Difficult personalities go unmanaged in the workplace

A massive 98% of managers across the UK said they come into contact with difficult work colleagues on a regular basis, according to a survey.

A study of more than 250 senior professionals, by training company PTP Training & Marketing, found that half said they encountered difficult people on a daily basis.

And despite the scale of the problem only 15% of managers admitted to confronting the member of staff who is being difficult.

The survey highlights that the person most likely to be labelled “difficult” is male, aged between 35 and 45 and working at a mid management level.

While only 15% of senior professionals confront the difficult people they meet, more than half the sample (55%) claim they would try to help the difficult person by discussing any problems.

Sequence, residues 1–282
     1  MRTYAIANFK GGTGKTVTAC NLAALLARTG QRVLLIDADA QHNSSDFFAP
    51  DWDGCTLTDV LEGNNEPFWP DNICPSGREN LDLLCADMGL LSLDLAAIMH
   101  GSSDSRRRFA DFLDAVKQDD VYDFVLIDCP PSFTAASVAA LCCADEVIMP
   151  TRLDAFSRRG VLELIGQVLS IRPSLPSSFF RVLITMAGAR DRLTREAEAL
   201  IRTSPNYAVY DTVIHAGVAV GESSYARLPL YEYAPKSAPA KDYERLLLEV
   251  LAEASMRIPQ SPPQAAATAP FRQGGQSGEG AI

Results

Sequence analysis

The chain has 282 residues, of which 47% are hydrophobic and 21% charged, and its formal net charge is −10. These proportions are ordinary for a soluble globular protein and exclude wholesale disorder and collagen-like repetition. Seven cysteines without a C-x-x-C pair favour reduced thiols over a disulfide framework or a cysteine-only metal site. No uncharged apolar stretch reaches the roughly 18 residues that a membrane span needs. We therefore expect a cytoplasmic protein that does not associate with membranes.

However, at the other end of the scale 30% do nothing constructive and said they resorted to “putting up with or ignoring” the difficult people in the office.

PTP managing director Marc Holland said managers must possess the necessary people skills to deal effectively with difficult people who can be a considerable barrier to office harmony, motivation and performance.

“It is important to be able to identify difficult personality types and be able to respond to them in a constructive way,” he said.

“A well-trained manager should be able to spot which personality types are likely to clash and can use their skills to diffuse situations, which could get out of hand and cause bad feeling and problems among staff.”

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